March 5, 2021
UCalgary participates in co-ordinated effort to amplify cancer immunotherapy across Canada
Cancer is the second leading cause of death in children and young people in Canada, with over 800 lives lost every year. Although cancer survival rates are improving, now approaching 85 per cent, there are still many challenges. Cancer can behave differently in children, often growing more rapidly and spreading faster. Finding a new therapy for the resilient cancers that devastate this age group is crucial.
Pushing to the lead of new treatments are cell-based therapies. These therapies use the child’s own immune cells, modified in a lab to give them ‘superhero’ qualities, and then infused back into the body to target the cancer. Dr. Douglas Mahoney, PhD, is leading a team of researchers from the Cumming School of Medicine (CSM) that is part of a pan-Canadian infrastructure grant to boost availability of this therapy across Canada. The Canada Foundation for Innovation (CFI) has awarded $5.2 million to ExCELLirate Canada, led by the Canadian Cancer Trials Group (CCTG) at Queen’s University, to develop a national research platform to co-ordinate the development of new cancer cell therapies.
“Chimeric Antigen Receptor or CAR T-cell immunotherapy uses synthetic biology to modify T-cells so that they recognize and kill a patient’s cancer cells,” says Mahoney, the site lead of the study and an assistant professor in immunology at the CSM. “This therapy has successfully treated children and adult patients with forms of leukemia and lymphoma and there is growing evidence that engineered immune cells also have the potential to be broadly applicable across more types of cancer. The equipment provided by this CFI grant will enable testing of new CAR T therapies being developed in Canada in a highly-efficient and coordinated manner."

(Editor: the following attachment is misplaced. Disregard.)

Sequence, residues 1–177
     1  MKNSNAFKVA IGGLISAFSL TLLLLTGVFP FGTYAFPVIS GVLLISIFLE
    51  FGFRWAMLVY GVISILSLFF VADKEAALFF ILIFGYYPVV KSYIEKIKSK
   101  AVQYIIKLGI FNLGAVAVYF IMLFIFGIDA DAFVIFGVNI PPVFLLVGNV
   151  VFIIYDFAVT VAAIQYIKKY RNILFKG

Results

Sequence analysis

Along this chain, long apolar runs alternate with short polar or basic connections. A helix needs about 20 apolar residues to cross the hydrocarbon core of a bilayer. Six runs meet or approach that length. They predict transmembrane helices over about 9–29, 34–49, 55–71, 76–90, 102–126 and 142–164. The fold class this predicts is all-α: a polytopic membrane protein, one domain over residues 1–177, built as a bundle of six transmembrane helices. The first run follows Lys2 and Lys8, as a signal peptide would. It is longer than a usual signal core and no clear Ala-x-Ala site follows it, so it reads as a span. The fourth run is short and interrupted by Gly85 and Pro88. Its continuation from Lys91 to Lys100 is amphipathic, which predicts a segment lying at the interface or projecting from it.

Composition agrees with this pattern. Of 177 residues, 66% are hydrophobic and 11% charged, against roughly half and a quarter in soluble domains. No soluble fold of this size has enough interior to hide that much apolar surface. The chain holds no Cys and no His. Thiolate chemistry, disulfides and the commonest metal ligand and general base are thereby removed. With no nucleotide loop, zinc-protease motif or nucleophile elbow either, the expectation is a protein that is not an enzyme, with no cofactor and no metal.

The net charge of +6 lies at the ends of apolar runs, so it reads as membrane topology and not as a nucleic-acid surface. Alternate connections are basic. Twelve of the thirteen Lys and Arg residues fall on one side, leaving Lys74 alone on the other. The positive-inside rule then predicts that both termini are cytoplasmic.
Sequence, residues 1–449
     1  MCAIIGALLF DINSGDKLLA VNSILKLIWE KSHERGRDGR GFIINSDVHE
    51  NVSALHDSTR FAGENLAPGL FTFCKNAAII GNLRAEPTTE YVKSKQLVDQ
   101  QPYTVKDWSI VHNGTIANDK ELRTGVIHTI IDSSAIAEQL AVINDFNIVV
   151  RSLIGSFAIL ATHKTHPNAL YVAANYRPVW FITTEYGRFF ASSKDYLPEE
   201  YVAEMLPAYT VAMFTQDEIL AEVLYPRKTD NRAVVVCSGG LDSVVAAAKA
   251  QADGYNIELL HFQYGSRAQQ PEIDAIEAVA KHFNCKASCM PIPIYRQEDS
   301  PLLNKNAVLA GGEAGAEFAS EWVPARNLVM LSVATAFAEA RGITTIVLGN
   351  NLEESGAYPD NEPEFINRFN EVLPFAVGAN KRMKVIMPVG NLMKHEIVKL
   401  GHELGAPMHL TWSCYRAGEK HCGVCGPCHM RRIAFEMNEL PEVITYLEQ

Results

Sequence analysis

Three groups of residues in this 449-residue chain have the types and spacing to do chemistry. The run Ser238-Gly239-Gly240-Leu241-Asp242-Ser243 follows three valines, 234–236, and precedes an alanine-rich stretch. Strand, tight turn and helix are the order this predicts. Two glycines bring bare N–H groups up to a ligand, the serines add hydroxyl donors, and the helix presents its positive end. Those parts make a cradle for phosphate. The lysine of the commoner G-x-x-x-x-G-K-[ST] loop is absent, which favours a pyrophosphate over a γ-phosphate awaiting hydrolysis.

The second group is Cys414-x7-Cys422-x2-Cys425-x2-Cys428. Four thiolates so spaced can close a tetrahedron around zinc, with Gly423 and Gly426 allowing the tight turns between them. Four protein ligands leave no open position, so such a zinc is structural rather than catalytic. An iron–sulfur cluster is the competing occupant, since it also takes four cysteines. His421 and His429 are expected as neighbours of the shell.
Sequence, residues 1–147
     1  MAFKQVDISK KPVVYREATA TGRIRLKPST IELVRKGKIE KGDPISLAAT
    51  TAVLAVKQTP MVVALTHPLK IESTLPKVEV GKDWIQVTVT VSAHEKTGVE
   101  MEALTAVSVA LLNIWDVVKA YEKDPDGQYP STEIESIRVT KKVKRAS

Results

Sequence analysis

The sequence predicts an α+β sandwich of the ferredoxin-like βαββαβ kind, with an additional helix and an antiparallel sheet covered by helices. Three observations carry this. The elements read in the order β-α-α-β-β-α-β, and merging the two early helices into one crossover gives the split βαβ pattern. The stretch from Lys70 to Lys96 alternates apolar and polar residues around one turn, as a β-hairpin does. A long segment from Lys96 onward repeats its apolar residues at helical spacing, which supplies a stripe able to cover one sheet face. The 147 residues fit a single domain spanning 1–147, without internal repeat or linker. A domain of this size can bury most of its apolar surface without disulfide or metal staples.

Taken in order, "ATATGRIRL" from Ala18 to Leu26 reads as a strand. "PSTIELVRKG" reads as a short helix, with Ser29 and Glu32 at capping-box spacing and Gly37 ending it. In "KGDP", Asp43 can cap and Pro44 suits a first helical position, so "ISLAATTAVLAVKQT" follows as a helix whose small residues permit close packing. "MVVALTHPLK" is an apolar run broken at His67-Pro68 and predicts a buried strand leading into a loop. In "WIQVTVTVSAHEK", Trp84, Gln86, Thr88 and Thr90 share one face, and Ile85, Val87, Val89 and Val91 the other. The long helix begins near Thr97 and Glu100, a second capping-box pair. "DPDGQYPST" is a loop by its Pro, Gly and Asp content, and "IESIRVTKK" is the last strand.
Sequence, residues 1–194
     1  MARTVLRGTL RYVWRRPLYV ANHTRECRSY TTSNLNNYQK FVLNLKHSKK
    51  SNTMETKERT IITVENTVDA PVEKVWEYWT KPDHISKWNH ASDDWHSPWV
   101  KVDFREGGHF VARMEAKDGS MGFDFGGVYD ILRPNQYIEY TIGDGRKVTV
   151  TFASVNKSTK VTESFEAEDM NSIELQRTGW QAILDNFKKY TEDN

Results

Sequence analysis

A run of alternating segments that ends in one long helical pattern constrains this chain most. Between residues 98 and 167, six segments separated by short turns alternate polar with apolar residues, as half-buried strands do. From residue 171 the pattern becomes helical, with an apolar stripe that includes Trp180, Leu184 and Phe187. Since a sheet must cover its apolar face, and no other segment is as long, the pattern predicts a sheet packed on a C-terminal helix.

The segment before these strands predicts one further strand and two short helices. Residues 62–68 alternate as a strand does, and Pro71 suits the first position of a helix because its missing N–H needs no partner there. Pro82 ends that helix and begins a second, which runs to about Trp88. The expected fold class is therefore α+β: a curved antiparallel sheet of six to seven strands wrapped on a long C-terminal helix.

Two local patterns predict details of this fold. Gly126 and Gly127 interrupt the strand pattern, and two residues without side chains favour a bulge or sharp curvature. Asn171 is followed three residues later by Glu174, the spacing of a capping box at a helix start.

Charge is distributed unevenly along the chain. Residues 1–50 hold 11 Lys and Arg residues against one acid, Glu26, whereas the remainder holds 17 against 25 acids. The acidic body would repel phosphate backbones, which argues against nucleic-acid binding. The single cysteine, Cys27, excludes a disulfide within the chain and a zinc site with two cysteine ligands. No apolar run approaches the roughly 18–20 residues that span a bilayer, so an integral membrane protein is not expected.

“Cell therapies are demonstrating meaningful results and achieving remission in people for whom chemotherapy and stem cell transplants have not worked. But the current costs and access to these treatments are an issue,” says Dr. Annette Hay, project co-lead and senior investigator at the Canadian Cancer Trials Group. “The ExCELLirate Canada platform proposes to revolutionize the manufacturing of cell therapies, including CAR T-cells, and address the challenges that prevent this lifesaving therapy from being used to its full potential.”
ExCELLirate Canada will develop and optimize distributed point-of-care manufacturing to improve efficiency, quality, and capacity to test innovative “made in Canada” cell therapies that will lead to new products and better outcomes for Canadians. The initiative brings together partners and renowned leaders committed to accelerating the evaluation and adoption of cell therapies for cancer within Canada by co-ordinating their activities and resources to enable international-calibre research and development of cell therapies for cancer.
The collaborating institutions and researchers supporting this national platform include: Dr. Jonathon Bramson, McMaster University; Dr. Rebecca Auer, University of Ottawa; Dr. Douglas Mahoney, University of Calgary; Dr. Denis Claude Roy, University of Montreal; and Dr. Heidi Elmoazzen, Canadian Blood Services.
“I’m excited to be part of this national platform which will address gaps in cell therapy infrastructure and will provide rapid, low-cost cell therapy solutions for Canadian families,” says Mahoney
The Calgary team includes Andrew Daly and Nicole Prokopishyn from the Department of Medicine.
Douglas Mahoney is an assistant professor in the Department of Microbiology, Immunology and Infectious Diseases at the Cumming School of Medicine, and a member of the Alberta Children’s Hospital Research Institute (ACHRI), Arnie Charbonneau Cancer Institute, and Snyder Institute for Chronic Diseases.
Mahoney is supported by the Canadian Cancer Society and community donations through the Alberta Children’s Hospital Foundation.
Writers for this article are from the Alberta Children's Hospital Research Institute and the Canadian Cancer Trials Group at Queen’s University.